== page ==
Recovery mode of the QNAP TS-409

QNAP TS-409 from the front

QNAP added a recovery mode to their devices that can be used when there is a problem with your installation of Debian that renders your device unbootable. The system recovery mode allows you write a recovery image to flash via the network using the TFTP protocol. This pages describes how you can verify whether your device includes the recovery mode, how to upgrade your firmware to a version that includes the recovery mode, how to create recovery images and finally how to use the recovery mode.

Verifying whether your system has the recovery mode

The QNAP recovery mode is relatively new and is not included in QNAP devices that were manufactured prior to 2009. Even if you have a new QNAP device, you should verify whether your firmware includes the recovery mode. You can do this with the following command:

cksum /dev/mtdblock0

Please compare the first value that is printed with those from the following table to see whether your device has the recovery mode already:

Checksum Recovery mode Build date
1009915998 no Jul 26 2007 - 11:26:33
2829080541 no Feb 19 2008 - 11:13:40
45443607 yes Oct 24 2008 - 17:47:36
1135766646 yes Nov 14 2008 - 17:06:53

If your device does not have the recovery mode, please read on to see how you can upgrade your firmware. If the value printed by cksum is not listed in this table, please contact me.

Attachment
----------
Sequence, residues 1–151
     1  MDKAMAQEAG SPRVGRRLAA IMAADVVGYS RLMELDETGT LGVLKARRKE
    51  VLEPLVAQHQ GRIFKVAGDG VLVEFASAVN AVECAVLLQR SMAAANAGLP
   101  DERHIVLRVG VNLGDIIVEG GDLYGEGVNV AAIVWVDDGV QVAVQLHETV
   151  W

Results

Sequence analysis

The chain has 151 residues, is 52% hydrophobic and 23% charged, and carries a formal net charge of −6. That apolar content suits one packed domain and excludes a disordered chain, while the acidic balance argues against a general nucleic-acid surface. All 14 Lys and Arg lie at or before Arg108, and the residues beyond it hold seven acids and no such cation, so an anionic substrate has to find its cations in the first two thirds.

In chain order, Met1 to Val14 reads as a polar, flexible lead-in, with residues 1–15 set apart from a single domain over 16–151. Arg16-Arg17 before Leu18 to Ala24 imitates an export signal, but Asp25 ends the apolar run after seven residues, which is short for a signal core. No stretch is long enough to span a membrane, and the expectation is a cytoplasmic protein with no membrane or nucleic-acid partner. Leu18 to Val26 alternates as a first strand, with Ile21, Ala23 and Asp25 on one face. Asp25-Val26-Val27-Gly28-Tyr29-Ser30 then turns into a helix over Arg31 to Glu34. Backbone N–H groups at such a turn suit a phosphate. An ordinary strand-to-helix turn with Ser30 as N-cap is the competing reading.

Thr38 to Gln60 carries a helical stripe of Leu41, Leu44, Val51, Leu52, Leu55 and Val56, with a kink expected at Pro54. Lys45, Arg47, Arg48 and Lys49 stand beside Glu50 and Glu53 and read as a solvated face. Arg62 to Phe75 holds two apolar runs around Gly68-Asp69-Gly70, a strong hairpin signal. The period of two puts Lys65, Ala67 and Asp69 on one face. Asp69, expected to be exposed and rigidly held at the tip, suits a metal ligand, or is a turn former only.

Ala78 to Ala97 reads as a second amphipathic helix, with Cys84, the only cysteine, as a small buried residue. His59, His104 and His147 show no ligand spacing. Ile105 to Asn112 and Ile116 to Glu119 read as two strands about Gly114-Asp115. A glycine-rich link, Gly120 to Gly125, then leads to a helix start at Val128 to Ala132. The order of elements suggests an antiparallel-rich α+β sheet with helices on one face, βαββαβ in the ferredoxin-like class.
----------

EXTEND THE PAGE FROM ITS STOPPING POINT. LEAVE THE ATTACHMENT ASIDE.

Installing the recovery mode

You can install the recovery mode according to two ways, depending on whether you are running the full QNAP firmware or have an uninitialized QNAP system.

Fully Initialized QNAP System

QNAP provides a page about the recovery mode which tells you exactly how to install the recovery mode. In short, you have to install a QPKG provided by QNAP that will automatically install the recovery mode.

Uninitialized QNAP System

You need a USB stick on which you can store some files. Please put the USB stick in your PC, download the zip file for your QNAP device from QNAP's recovery mode page (but ignore the installation instructions from that page). Unzip the file and copy the .qpkg file to the USB stick. Now start your QNAP device and connect the USB stick to it. Login to your QNAP via telnet as the admin user as described in the installation guide and go into the directory where the USB stick is mounted.

First of all, you should make a backup of your flash partitions using the following commands:

cat /dev/mtdblock1 > mtd1
cat /dev/mtdblock2 > mtd2
cat /dev/mtdblock3 > mtd3

Now you can unpack the QPKG file provided by QNAP:

dd if=QNAP_SystemRecovery_1.0_TS-409.qpkg bs=526 skip=1 | tar xzv

This will create two files: and QNAP_SystemRecovery.tgz. We are only interested in the latter, which you have to unpack with:

tar xzvf QNAP_SystemRecovery.tgz

Now you can start the actual upgrade process. There are two steps you have to follow. First of all, you have to update the Linux kernel. Normally, the Linux kernel is configured so it won't allow you to change mtd0, the flash partition where the u-boot boot loader is stored. The first step is therefore to write a Linux kernel to flash that doesn't protect mtd0, otherwise you couldn't upgrade u-boot to the new version that includes the recovery mode.

Make sure the checksum of the kernel image matches that listed in the cksum file:

cksum uImage
3523682680 2000808 uImage
cat uImage.cksum
3523682680 2000808 .../uImage

If they match, go ahead and write the kernel to flash:

dd if=uImage of=/dev/mtdblock1